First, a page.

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Saturday, 29 July 2017 11:17

Game Review: DiRT 4


Gone is Ken Block and the mayhem of Gymkhana, instead, as the series did in DiRT Rally, DiRT 4 returns the motorsport largely back to the core rallying events that started it all.  

In fact, DiRT 4 brings back, well, more dirt. It is indeed more grounded (pun intended) in the original concept of rally driving, but throws in some fun peripheral elements along the way.

The tutorial for this game is unique in its freedom: select a technique you wish to practise, and rather than set goals that need to be met before moving onto the next lesson, the game lets you progress at your own rate. Or, if you wish, just hang out in the practice arena and do burnouts and jumps.  

The game is endorsed with a FIA World Rallycross Championship moniker, so we better have some Rallycross then.  

These events are short circuit, mixed surface tracks that include the “joker” lap concept. Once per race (or as dictated by the stewards as a penalty), you will need to take the extra length of the joker portion of the track. It adds a level of strategy to any event that is fun to play out, particularly in multiplayer races with friends.

Landrush events with open-wheel buggies or stadium trucks leaping from one muddy jump to the next are also great ways to spend some laughs with friends online.

So, despite the refinement, DiRT 4 is actually several games in a single package. One is the fun one-off single player and multiplayer times you can have with RallyCross and Landrush events, and the second is the more serious and long-term commitment to a rally career in either a modern day setting or more historical (and scary) way.

You can play rally modes as one off — even randomly generated — stages if you really want to, but that seems a little pointless. Better to go all in on a career in rally driving, including building your own team, getting sponsorship, designing a car livery and then fine-tuning the all-important timing of your co-driver stage note delivery.

The cars and the surrounding country side look fantastic, albeit a bit light on for dust effects if you happen to be playing from a third-person chase camera perspective. Shadows creep through the trees, and the surrounding dirt banks, foliage and shrubbery feels natural and never repetitive. 

Unexpected townships are welcome diversions from the countryside as it wizzes by, and the occasional broken-down competitor beside the road adds a smile-delivering sense of realism to the stages.  

Make a slightly wrong move and you will find just how debilitating a seemingly fragile wire fence can be to a speeding rally car. And whilst on the subject of going off road, DiRT 4 is certainly more “forgiving” than most rally games. You can, if able, bash the nearby bush for a significant time before returning to the road-way.

This is important, because there are no reload checkpoints, or rewind options on these rally stages, and some can be lengthy. Instead the game offers a limited amount of “restarts” allowing the stage to be redone. Or, if you find yourself stuck in a tree, you can recover your vehicle for an appropriate time-penalty. 

Between stages, the game offers a rather unique repair feature which takes a punt at how long each repair may take, it is not guaranteed however, and sometimes repairs take shorter, or more often than not, longer than originally suggested. This adds a level of strategy to the between-stages moments.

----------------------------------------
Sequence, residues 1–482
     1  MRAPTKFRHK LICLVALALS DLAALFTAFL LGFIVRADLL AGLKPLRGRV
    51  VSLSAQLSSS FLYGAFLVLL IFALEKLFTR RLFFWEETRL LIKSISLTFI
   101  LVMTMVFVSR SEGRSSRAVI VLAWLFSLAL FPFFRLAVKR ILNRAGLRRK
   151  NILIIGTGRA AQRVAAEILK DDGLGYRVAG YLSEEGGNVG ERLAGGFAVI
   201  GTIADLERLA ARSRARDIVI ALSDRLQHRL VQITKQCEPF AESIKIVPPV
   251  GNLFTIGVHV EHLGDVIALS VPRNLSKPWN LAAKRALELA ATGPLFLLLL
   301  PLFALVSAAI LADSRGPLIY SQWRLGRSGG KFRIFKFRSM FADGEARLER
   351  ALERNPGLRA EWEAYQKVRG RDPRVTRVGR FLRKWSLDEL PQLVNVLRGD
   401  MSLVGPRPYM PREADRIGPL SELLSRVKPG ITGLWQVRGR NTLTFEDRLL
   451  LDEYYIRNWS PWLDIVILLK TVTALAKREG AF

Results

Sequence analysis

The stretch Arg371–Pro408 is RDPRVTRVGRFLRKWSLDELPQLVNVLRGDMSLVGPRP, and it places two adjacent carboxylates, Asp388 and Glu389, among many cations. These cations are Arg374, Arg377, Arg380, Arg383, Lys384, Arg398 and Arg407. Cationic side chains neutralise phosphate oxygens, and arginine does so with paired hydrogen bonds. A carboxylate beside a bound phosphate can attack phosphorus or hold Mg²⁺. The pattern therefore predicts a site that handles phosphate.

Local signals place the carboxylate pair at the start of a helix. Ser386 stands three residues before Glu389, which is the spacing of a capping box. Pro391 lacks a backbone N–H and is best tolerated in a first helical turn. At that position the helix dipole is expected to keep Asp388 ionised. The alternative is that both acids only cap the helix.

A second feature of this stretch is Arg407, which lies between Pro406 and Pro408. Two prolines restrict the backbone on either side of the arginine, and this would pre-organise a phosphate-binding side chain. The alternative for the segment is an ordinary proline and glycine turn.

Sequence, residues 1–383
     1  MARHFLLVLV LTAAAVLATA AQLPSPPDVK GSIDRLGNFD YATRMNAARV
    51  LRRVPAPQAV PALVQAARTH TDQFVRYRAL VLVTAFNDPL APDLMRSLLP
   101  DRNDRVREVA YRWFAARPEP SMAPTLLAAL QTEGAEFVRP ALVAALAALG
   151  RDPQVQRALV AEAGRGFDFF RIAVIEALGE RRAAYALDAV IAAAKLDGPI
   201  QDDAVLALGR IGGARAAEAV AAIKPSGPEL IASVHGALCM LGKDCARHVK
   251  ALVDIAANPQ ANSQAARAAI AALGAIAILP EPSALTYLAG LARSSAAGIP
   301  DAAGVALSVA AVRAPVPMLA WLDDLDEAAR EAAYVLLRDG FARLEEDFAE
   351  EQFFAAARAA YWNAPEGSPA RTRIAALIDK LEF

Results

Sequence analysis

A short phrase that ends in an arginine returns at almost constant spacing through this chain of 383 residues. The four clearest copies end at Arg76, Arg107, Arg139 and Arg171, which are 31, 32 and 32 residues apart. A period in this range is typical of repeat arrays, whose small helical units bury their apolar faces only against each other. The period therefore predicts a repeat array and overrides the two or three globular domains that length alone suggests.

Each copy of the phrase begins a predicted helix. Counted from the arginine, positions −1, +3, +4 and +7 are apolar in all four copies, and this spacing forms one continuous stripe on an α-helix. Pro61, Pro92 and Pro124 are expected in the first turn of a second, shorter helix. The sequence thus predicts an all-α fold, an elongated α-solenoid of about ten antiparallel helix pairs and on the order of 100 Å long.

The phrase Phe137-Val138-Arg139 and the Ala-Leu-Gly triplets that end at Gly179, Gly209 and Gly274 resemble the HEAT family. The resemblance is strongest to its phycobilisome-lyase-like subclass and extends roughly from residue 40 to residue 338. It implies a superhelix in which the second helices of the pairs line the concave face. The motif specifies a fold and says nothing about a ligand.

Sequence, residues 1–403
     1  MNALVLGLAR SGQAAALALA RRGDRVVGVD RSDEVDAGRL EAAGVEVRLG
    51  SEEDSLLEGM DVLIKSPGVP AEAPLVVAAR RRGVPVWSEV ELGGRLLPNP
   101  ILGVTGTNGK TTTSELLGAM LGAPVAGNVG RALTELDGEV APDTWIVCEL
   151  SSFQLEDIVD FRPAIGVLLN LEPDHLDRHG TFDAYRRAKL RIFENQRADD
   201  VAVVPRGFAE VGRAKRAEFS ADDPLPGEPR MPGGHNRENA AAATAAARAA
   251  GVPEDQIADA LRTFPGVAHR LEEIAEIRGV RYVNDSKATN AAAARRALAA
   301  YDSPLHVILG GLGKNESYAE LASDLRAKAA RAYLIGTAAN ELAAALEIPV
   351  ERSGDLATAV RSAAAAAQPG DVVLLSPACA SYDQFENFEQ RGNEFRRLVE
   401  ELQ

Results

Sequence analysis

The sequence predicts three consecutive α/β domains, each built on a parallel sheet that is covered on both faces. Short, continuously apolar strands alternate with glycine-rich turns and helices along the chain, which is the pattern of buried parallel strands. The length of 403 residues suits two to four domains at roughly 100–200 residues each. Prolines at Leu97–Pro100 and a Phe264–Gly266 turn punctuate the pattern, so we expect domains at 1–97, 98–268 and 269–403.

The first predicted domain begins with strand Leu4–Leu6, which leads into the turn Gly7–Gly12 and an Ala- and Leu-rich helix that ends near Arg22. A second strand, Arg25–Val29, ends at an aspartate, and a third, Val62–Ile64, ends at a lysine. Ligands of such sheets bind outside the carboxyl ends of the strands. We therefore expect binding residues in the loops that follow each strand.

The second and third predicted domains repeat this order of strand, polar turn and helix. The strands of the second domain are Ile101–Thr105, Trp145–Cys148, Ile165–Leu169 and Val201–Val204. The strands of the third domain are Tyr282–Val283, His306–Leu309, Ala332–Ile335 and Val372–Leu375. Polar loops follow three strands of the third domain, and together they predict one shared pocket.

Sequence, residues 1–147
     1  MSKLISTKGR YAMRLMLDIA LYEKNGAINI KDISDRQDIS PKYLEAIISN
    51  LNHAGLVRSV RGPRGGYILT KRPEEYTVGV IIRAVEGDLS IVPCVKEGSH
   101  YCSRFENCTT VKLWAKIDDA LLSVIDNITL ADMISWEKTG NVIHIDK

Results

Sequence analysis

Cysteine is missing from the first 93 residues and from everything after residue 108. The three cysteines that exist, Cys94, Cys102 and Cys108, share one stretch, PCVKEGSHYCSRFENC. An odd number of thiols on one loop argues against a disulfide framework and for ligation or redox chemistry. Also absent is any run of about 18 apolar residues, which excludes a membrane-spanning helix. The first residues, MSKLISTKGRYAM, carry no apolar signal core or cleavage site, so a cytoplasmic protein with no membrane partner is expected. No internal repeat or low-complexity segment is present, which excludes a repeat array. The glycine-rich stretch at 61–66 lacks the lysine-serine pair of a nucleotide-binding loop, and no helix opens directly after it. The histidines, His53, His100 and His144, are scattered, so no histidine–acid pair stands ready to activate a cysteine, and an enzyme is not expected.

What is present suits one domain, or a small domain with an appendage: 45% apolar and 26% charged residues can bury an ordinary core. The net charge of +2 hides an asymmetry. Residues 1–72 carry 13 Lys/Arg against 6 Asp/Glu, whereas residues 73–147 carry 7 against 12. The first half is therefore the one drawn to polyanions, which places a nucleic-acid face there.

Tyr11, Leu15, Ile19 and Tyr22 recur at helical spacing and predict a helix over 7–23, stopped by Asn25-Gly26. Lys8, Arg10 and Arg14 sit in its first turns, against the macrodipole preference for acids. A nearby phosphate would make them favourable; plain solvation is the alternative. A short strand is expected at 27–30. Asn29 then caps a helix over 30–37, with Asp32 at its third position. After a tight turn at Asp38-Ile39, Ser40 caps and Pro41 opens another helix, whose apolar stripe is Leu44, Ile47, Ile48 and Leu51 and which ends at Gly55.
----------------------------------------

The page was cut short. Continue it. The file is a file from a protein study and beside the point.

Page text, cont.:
Strangely there is no tyre selection process in DiRT 4, probably the first time we haven’t seen this option. There are many other ways to tweak the vehicle before each race or stage however, so plonking on the obvious tyre selection is not really going to be missed.

Currently DiRT 4 only feature four countries providing rally stages; Australia (yay!), Sweden, Wales, Spain and Michigan in the US. Each offer a mix of surfaces, and weather, and as mentioned earlier, this game provides a facility to generate an infinite array of randomly produced stages with the adjustment of a few sliders and a press of a button.

There are more than 50 vehicles in the game, from the fun Crosskarts, out-of-control Pro Buggies through to more familiar modern and historical rally vehicles. The physics of each car feel faithful, a bit floaty and somewhat rolling for example with a Ford Fiesta contrasted with the more sure-footed AWD paws of a Subaru WRX STI NR4.

Apart from hooking up with friends online, DiRT 4 offers Daily, Weekly and even Month-long challenges where selected events can be taken on with those from around the world.

DiRT 4 is refined, it is a polished and focused release that doesn’t try to impress with large numbers of bullet points, stable of cars or modes. Instead, we get a tight package of events and locations that fans are looking for. The Rallycross and Landrush events are fun, the rallying sophisticated, at times frustrating, and certainly challenging. Exactly what we were looking for.

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Mike Bantick

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Having failed to grow up Bantick continues to pursue his childish passions for creative writing, interactive entertainment and showing-off through adulthood. In 1994 Bantick began doing radio at Melbourne’s 102.7 3RRRFM, in 1997 transferring to become a core member of the technology show Byte Into It. In 2003 he wrote briefly for the The Age newspaper’s Green Guide, providing video game reviews. In 2004 Bantick wrote the news section of PC GameZone magazine. Since 2006 Bantick has provided gaming and tech lifestyle stories for iTWire.com, including interviews and opinion in the RadioactivIT section.

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